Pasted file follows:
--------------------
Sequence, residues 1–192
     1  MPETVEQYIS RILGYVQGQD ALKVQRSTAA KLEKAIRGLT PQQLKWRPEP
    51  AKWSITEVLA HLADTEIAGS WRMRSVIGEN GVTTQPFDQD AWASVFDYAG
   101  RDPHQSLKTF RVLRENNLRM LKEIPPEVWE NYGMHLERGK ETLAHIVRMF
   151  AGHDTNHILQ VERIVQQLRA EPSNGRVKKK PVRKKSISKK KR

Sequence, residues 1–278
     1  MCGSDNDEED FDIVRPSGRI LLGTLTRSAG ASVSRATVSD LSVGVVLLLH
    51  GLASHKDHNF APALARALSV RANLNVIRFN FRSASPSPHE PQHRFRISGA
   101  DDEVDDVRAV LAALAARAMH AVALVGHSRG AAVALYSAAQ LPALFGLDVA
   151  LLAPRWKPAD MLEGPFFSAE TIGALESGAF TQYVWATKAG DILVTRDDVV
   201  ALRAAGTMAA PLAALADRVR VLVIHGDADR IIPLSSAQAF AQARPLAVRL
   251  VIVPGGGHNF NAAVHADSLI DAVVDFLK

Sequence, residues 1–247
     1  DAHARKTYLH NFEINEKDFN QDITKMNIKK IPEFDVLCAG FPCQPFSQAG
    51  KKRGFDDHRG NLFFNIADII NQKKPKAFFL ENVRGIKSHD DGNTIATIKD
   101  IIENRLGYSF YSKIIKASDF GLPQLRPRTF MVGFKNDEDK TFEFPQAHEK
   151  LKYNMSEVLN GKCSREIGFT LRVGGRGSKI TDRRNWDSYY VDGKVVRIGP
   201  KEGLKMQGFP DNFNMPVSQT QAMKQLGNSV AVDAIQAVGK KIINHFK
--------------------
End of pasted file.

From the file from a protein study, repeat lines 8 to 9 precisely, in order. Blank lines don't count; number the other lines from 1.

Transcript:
    51  GLASHKDHNF APALARALSV RANLNVIRFN FRSASPSPHE PQHRFRISGA
   101  DDEVDDVRAV LAALAARAMH AVALVGHSRG AAVALYSAAQ LPALFGLDVA